I was talking with a friend about the status quo with in-vehicle navigation options and what can be done about it. He was remarking about the way the vehicle builders don’t provide a smooth path for improving these systems through the vehicle’s service life.
The current situation
Typically the feature is rolled out in to mid-range to high-end vehicles as a standard option or an add-on option depending on the vehicle’s trim level. Then, if the vehicle owner wants to keep the maps in the system up to date, they have to take the car to the vehicle dealership and have the data updated there, which knocks them back by a decent amount.
It can be a problem when, in some countries like Australia where the roads aren’t likely to be icy, the service life of a vehicle i.e. the number of years between the time the vehicle leaves the factory and the time it ends up on the scrapheap tends to be in the order of ten years or more. In this situation, there isn’t the guarantee that an OEM navigation platform could be supported by the manufacturers for that duration whether in the form of new software or map data. As well, technology marches on with many improvements in this space and users of these systems can feel as though they are effectively “stuck” with these systems in their current form.
Similarly, people who buy portable navigation devices aka “GPS units” or “sat-navs” have to purchase map updates from the device’s manufacturer at a princely sum. It doesn’t matter whether the update is to add extra coverage or functionality to the device or update the maps therein.
Toshiba AT1So 7″ Android tablet – an alternative to in-car or portable GPS units
The smartphone or tablet is making these devices less relevant due to the integration of a navigation solution which has constantly-updated maps that can be downloaded for free via the Internet. Drivers can then go to mobile-phone accessory stores and purchase aftermarket mounts that attach to the dashboard or windscreen (windshield) of the car no matter how old it is so they can easily and safely operate the smartphone or tablet from the driver’s seat.
What can vehicle builders do
If a vehicle builder wants to make these options relevant to the smartphone / tablet user, they could take one of a few paths.
One path that can be used as a cheaper option would be to use the MirrorLink system which allows the dashboard-based control surface to become a control terminal for the smartphone or tablet. This could use an Android or iOS app that works as a MirrorLink server for the handset or tablet.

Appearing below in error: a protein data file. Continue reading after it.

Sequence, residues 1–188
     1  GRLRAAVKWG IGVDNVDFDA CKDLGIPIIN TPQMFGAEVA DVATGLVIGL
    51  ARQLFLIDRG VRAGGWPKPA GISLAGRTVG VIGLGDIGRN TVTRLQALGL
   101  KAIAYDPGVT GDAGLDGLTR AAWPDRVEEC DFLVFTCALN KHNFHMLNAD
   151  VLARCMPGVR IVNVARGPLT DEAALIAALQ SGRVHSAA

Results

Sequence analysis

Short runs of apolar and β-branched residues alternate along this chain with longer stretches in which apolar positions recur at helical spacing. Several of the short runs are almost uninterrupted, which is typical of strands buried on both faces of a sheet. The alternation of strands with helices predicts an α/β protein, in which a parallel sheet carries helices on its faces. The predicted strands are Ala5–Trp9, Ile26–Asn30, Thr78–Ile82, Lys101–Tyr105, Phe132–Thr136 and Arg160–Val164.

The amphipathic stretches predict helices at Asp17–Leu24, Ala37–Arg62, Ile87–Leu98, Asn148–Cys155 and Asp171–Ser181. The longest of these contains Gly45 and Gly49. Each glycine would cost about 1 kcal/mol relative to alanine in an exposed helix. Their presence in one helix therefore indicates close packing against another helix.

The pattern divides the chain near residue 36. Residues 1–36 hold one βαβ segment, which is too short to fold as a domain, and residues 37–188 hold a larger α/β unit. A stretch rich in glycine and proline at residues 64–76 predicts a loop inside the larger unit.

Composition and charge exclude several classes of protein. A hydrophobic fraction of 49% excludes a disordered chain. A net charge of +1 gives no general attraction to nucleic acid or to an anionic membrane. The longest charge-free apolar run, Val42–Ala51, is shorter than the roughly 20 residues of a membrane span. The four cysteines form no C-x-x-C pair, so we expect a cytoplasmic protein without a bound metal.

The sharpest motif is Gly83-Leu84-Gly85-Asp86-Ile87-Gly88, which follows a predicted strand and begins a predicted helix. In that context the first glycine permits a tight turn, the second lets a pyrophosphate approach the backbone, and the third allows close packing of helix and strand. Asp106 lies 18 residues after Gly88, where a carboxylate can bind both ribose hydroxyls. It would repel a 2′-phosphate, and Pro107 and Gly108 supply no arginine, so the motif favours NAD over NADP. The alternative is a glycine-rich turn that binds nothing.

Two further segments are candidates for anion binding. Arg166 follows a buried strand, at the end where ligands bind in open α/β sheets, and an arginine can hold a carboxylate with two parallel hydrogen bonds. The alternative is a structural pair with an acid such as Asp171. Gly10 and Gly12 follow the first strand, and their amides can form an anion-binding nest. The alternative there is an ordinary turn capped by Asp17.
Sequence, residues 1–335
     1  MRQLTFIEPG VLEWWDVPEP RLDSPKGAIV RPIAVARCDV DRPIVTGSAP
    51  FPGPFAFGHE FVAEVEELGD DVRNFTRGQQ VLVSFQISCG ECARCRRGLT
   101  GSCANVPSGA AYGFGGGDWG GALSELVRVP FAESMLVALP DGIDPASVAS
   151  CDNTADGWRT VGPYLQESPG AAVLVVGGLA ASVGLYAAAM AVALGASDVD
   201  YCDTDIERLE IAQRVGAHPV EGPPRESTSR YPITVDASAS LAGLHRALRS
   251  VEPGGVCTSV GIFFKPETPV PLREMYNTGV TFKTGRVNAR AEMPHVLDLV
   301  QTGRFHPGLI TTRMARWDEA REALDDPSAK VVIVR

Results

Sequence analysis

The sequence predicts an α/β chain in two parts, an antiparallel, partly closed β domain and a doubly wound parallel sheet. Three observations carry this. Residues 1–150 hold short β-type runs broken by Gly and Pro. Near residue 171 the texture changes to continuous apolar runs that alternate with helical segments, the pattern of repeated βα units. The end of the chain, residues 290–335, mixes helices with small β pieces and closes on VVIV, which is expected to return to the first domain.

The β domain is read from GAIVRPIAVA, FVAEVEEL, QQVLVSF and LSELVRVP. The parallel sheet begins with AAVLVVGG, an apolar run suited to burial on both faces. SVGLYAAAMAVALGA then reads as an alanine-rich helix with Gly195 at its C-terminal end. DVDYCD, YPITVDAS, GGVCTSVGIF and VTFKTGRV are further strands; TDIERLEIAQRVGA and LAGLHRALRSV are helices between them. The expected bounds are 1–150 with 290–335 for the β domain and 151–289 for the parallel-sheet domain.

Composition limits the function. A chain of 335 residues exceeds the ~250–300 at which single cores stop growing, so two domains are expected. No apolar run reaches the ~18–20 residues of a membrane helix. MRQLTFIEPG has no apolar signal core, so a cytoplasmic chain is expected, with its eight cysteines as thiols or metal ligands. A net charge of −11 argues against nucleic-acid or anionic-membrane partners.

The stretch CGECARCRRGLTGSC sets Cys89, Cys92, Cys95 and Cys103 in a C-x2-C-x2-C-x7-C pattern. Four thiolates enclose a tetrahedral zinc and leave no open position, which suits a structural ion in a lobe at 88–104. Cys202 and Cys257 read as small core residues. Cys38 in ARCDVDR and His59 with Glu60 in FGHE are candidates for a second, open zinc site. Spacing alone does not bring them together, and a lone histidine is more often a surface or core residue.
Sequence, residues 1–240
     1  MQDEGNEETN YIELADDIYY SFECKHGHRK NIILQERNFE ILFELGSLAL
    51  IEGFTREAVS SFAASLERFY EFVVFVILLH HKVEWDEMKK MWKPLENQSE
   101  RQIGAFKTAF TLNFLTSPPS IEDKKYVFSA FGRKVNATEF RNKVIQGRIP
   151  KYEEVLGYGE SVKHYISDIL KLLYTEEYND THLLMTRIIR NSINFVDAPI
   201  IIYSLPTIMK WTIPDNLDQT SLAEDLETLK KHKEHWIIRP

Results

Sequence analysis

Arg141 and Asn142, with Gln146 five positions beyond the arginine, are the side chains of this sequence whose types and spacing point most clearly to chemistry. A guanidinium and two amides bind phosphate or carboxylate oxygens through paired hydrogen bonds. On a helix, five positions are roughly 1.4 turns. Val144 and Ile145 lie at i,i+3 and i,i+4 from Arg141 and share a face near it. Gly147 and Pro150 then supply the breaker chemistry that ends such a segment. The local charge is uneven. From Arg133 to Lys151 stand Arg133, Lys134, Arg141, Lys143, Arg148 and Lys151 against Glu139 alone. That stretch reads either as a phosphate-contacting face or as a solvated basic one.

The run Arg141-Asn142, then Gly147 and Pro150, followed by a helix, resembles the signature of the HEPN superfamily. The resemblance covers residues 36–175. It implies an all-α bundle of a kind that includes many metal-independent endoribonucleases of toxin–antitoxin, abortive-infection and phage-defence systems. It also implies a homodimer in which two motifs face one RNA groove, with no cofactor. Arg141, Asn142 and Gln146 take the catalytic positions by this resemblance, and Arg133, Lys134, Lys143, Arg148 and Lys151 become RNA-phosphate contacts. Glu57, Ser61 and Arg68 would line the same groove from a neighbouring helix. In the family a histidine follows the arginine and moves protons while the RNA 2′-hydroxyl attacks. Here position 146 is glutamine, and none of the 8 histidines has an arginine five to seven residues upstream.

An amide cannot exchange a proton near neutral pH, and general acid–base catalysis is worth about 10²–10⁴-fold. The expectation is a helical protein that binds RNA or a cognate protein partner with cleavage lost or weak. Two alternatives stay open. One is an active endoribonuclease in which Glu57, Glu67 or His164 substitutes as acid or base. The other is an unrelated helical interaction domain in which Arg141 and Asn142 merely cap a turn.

Another, would be to provide a user-removable 7” Android tablet in a similar form to the previously-reviewed Toshiba AT1S0 tablet that installs in to a dashboard space and works as a car navigation system but updates itself from the home network or a 3G link. The tablet could also be a loading point for various “trip-computer”, advanced-navigation and infotainment apps like TuneIn Radio. This method also has the advantage of being sold as an option that dealers can supply to customers as a deal-maker when the vehicle is being sold.
The last option would be the integrated navigation option that has the ability to be updated via a home network or a 3G link. This setup could be monetised through the provision of advanced-navigation apps like branded “find-nearest” tools, tour guides or directories. As well, this can be used as an app platform in itself for developing software that appeals to all users or a subset thereof. Of course, the apps can be downloaded via the abovementioned home network or 3G link.
What can be done for aftermarket car infotainment
The aftermarket infotainment scene can use similar paths for improved smartphone / tablet relevance. This class has to appeal to vehicles built across a very long timeframe typically since the 1950s and, in the case of new vehicles that had integrated infotainment options, is catered for with conversion kits.
One path could be to supply 2-DIN “media” head units that work as MirrorLink terminals that work with MirrorLink mobile devices. This can be varied through the use of a 1-DIN unit with a retractable or satellite screen.
Another path would be a “media” head unit that has an app platform and the ability to update via a 3G or home-network connection. This could be furnished in the form of a 2-DIN unit or a 1-DIN unit with a retractable or satellite screen.
The last option would be a 1-DIN head unit that supports full integration with 5” smartphone or 7” tablet. The smartphone or tablet would be able to be installed in a dashboard or windscreen mount and link to the head unit via Bluetooth or USB, similar to the status quo for most smartphone / in-car infotainment setups. In this environment, both these devices can work together with navigation looked after by the smartphone or tablet and the head unit offering basic control options like volume control or content selection offered by knobs and buttons.
What needs to happen with OEM and aftermarket vehicle navigation and infotainment is that there has to be support for updating, upgrading and improvement. This could be facilitated through the use of open-frame platforms like Android or Windows RT; as well as constant update paths with access to complimentarily-available map data for Google and similar sources.
It also includes encompassing the vehicle in the home network when it is at home as well as linking it with affordable mobile-broadband services.